Who's listening to Humphrey? CMM critics affiliated with Microsoft charge that CMM creates an unwieldy bureaucracy that forestalls the kind of brilliant innovation that's leading the software industry. Give me a break! If Microsoft supposedly exemplifies the type of organization that would be "paralyzed" by CMM to the point that it couldn't innovate, we might all be much better off. As near as I can tell, the lion's share of Microsoft products that could be termed "innovative" in some sense - MS-DOS, Windows, FrontPage and others - either originated outside the company, were based on ideas that were developed outside the company, or were acquired by purchasing an outside company. Microsoft's innovations seem limited to figuring out new ways of introducing dysfunctional extensions to prevailing standards for no other reason than the firm's desire to put its competitors out of business.

So who is listening? As of this writing, only 19 software companies are certified at Level 5, and 13 of them are in India. That's right: India. If you think India is a backward country that couldn't possibly compete in the high-tech sweepstakes, you'd better think again, because Indian software companies are putting out some of the best software in the world. Near Bangalore, India, a CMM-driven, Level 5 shop is turning out software with 0.03 defects per thousand lines of code. Right now in India, there's a replay of exactly the same process that energized the Japanese automobile industry thirty years ago. They see the opportunity. They have the talent. They know they can create world-class software. They're doing it right now.

When asked whether Indian software firms pose a threat to their near stranglehold on the consumer software market, U.S. software executives laugh. They point out that these silly foreign companies don't know anything about style or marketing; there's no way they could make it in the U.S. market. Now where have we heard that before?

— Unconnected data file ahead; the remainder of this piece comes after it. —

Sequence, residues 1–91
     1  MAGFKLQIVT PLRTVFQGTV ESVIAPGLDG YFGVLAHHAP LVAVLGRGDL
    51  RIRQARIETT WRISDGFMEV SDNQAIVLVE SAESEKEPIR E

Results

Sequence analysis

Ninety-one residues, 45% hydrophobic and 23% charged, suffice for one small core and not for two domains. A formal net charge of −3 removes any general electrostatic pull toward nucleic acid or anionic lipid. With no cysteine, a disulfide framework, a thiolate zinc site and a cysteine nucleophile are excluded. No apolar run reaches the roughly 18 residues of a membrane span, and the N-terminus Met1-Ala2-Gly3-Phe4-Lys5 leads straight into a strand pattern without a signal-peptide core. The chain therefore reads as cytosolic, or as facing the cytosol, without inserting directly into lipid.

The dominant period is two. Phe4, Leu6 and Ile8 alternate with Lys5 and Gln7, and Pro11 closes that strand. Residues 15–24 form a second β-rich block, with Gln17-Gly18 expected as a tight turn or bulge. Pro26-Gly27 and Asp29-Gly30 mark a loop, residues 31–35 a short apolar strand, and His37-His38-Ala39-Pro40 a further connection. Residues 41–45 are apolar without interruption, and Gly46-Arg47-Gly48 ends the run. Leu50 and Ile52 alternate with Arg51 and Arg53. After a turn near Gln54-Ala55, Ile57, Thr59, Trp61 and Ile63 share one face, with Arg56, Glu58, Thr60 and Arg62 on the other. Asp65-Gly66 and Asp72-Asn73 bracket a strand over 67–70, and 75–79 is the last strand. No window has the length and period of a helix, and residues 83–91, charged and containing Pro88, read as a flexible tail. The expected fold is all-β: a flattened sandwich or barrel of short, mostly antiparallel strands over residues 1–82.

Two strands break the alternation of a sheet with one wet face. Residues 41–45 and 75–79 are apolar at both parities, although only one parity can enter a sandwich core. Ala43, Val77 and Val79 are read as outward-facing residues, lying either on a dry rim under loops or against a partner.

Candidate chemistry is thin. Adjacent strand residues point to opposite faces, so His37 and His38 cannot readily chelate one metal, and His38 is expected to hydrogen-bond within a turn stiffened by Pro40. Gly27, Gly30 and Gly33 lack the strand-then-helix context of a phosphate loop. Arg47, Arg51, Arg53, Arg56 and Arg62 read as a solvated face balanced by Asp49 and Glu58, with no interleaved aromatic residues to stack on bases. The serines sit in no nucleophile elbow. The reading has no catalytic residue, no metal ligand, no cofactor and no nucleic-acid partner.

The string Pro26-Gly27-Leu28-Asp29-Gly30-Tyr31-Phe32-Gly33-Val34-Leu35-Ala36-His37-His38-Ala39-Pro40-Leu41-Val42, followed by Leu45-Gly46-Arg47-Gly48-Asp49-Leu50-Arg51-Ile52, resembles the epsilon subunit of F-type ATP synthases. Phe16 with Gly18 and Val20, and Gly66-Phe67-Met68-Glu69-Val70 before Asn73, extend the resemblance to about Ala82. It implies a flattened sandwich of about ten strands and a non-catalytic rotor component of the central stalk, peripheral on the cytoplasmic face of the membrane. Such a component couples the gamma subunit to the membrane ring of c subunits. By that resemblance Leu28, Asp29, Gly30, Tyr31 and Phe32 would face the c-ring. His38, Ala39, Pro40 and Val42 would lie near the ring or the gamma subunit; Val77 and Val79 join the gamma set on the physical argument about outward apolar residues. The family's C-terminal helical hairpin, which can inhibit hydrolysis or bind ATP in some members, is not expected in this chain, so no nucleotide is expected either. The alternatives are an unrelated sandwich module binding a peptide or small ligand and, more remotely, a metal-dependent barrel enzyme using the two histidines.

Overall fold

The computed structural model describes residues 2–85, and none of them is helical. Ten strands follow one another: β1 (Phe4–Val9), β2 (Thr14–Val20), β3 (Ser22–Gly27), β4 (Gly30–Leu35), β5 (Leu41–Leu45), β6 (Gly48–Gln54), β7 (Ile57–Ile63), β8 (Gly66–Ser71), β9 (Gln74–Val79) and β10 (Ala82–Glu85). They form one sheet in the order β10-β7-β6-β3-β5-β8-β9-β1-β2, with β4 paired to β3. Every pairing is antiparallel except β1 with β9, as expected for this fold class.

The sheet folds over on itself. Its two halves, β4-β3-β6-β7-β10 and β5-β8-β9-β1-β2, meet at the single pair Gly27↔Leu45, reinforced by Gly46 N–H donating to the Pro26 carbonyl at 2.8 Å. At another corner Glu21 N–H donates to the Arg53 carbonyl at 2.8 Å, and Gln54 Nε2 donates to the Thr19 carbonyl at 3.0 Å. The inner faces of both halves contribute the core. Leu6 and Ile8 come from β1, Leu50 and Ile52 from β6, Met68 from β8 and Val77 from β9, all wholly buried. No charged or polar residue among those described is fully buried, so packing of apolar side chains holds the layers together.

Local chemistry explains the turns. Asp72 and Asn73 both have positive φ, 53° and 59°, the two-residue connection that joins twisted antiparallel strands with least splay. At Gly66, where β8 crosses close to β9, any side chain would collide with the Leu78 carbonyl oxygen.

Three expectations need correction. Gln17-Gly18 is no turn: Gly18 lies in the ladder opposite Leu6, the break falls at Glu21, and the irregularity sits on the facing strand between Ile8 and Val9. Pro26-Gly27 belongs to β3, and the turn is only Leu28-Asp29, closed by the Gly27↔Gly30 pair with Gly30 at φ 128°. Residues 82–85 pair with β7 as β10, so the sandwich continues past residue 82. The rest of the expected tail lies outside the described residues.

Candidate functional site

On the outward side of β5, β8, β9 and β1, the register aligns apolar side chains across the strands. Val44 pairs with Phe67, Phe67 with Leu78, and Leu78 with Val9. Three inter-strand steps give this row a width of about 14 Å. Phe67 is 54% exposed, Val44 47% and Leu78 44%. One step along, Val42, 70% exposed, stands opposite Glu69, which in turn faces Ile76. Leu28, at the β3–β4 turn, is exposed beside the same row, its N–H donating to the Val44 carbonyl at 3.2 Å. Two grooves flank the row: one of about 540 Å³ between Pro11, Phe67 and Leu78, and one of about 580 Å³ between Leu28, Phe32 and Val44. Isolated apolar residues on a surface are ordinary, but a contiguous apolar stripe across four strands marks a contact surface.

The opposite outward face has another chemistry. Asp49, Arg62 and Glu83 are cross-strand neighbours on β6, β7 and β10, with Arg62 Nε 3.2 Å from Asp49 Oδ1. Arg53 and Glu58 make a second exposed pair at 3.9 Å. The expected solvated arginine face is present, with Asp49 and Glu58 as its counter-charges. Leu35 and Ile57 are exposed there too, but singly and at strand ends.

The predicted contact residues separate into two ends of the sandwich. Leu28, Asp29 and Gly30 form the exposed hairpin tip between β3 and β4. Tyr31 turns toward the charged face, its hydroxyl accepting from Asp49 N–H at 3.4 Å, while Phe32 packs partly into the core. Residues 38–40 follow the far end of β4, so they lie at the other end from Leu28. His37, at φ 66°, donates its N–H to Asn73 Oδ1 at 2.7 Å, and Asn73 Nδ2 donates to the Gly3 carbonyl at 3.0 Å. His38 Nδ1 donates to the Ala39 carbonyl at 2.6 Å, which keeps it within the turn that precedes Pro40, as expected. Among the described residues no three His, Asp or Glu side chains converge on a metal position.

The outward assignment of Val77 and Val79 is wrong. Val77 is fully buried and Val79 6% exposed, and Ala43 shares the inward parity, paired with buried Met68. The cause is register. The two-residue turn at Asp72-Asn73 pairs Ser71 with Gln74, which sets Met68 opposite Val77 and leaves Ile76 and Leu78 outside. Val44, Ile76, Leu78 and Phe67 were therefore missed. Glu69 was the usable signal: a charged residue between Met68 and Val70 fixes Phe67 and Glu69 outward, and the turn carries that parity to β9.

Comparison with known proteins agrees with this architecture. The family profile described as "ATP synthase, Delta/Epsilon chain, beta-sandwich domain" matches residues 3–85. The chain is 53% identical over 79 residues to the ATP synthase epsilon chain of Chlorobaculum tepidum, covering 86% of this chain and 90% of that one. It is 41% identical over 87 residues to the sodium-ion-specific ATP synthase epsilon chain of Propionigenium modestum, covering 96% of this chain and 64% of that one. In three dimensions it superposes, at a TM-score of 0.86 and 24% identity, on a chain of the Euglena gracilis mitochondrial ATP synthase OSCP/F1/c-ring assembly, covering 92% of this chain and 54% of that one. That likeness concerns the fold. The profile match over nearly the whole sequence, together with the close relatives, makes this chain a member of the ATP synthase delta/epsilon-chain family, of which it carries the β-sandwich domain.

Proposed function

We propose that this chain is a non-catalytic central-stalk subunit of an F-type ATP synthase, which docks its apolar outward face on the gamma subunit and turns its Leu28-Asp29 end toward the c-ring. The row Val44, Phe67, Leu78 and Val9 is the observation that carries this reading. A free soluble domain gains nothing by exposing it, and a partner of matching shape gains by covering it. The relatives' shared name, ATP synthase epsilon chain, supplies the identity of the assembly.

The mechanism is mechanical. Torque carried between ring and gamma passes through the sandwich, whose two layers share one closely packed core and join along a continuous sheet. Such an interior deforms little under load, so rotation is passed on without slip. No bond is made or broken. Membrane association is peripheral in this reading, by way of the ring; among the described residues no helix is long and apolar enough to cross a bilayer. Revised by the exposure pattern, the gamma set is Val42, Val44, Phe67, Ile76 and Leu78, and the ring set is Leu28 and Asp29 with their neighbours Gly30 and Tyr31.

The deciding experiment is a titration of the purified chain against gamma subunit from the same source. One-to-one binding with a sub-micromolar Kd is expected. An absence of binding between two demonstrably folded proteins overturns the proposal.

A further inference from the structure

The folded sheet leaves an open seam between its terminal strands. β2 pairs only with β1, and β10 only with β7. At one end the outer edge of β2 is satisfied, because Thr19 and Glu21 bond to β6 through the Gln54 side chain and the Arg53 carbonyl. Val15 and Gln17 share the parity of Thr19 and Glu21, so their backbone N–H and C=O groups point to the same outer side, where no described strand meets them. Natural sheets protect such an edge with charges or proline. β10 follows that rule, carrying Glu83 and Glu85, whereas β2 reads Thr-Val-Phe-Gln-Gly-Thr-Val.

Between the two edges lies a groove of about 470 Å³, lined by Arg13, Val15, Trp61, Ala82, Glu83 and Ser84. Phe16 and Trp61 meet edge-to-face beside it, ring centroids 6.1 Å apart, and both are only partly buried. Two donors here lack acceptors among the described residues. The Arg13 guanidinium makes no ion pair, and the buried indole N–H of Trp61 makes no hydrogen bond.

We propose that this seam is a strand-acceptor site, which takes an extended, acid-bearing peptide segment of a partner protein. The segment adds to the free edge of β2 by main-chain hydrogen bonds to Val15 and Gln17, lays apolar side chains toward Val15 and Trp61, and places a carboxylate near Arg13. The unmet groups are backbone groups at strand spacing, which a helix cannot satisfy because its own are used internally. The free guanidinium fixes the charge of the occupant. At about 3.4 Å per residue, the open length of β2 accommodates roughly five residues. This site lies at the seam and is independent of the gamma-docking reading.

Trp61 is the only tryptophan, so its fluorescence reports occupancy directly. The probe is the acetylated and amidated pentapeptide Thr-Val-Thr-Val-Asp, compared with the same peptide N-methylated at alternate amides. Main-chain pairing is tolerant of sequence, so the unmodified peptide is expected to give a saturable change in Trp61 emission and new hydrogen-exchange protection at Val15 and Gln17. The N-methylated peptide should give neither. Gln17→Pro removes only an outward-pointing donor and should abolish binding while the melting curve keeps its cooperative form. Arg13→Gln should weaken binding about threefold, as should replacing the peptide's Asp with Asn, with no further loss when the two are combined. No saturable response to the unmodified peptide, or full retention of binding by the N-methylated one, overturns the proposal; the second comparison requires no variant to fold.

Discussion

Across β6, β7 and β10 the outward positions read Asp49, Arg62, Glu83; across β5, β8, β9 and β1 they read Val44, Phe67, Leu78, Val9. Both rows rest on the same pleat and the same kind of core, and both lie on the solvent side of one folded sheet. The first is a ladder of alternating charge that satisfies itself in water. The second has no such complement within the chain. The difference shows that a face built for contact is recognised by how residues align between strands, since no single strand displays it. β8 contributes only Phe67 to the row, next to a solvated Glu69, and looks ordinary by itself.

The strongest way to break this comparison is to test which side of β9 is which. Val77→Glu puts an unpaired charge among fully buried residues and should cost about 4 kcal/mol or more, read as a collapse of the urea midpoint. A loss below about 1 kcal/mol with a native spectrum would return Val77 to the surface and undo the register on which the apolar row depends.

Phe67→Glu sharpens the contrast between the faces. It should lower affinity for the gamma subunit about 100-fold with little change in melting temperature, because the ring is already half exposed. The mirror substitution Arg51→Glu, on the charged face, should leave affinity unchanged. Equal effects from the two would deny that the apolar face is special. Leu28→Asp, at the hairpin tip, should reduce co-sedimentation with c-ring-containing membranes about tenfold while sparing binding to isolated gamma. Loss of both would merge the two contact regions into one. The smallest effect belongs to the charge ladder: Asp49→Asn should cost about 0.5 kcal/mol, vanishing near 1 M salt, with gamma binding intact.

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Designed

Jim Nddie's picture

If we talk about designing Absolute Source are a full service Orange County Web design, online marketing and web development company. They integrated line of services extends well beyond web design. Since 2001, Absolute Source and its subsidiaries has strategically designed and implemented each project to build our client’s customer base and increase revenues.

Car Softwares

Chris.john's picture

Now they must have to work on Automobiles industry as well if they want to capture the whole market as the Automobiles are having completely computerized functions and also electric cars are available with computer generated functions ford motors

I also see it. Decades ago,

Ninna's picture

I also see it. Decades ago, there were only few major car manufacturers who possessed over two third of the market. Now things change a lot. Now they really have to apply continuous improvement/innovation is market share is to be retained.

Auto Insurance

That's why a little

allan's picture

That's why a little competition is so good for the clients sake. It's the same for the auto insurance industry, as well as the software industry. The stronger the competition the better for the clients, they are more likely to get better quality services and products. It's unbelievable how the auto makers had been so irresponsible in the past, they were too greedy to realize their own families were put in danger...

Software for cars are now

willis's picture

Software for cars are now being high in demand, as more busy people want to take it easy when managing their vehicles. I personally use the AndiCar software for car manager. it's great so far ;)

Will - Fox Rent A Car

And how is the US Software Industry now?

J. Novak Zaballa's picture

As a technician, I really like Linux and I think it is a solid operating system and an excelent choice for a lot of needings. But Mr. Gates still the richest man on the earth, even now in tough times, why?